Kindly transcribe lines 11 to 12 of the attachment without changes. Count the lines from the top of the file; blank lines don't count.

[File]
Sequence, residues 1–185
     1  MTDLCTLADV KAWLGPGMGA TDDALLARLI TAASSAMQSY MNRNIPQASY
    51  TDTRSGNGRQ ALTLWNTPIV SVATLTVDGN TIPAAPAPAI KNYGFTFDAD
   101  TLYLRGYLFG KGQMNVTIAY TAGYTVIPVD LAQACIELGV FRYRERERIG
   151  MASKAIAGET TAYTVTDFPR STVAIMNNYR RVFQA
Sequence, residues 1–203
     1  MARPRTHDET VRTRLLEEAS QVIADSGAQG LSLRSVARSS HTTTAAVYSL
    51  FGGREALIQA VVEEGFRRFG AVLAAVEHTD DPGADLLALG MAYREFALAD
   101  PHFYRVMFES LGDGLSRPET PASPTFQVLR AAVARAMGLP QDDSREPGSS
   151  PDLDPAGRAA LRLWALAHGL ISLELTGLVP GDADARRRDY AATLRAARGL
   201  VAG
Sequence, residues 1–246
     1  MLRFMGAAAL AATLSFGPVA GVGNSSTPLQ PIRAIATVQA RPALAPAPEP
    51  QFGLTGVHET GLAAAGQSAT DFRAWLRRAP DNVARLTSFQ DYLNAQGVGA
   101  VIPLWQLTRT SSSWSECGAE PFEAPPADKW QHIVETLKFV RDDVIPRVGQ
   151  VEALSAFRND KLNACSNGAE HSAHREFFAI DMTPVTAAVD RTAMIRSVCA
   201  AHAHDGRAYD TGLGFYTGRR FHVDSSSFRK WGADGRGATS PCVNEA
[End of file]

   201  VAG
Sequence, residues 1–246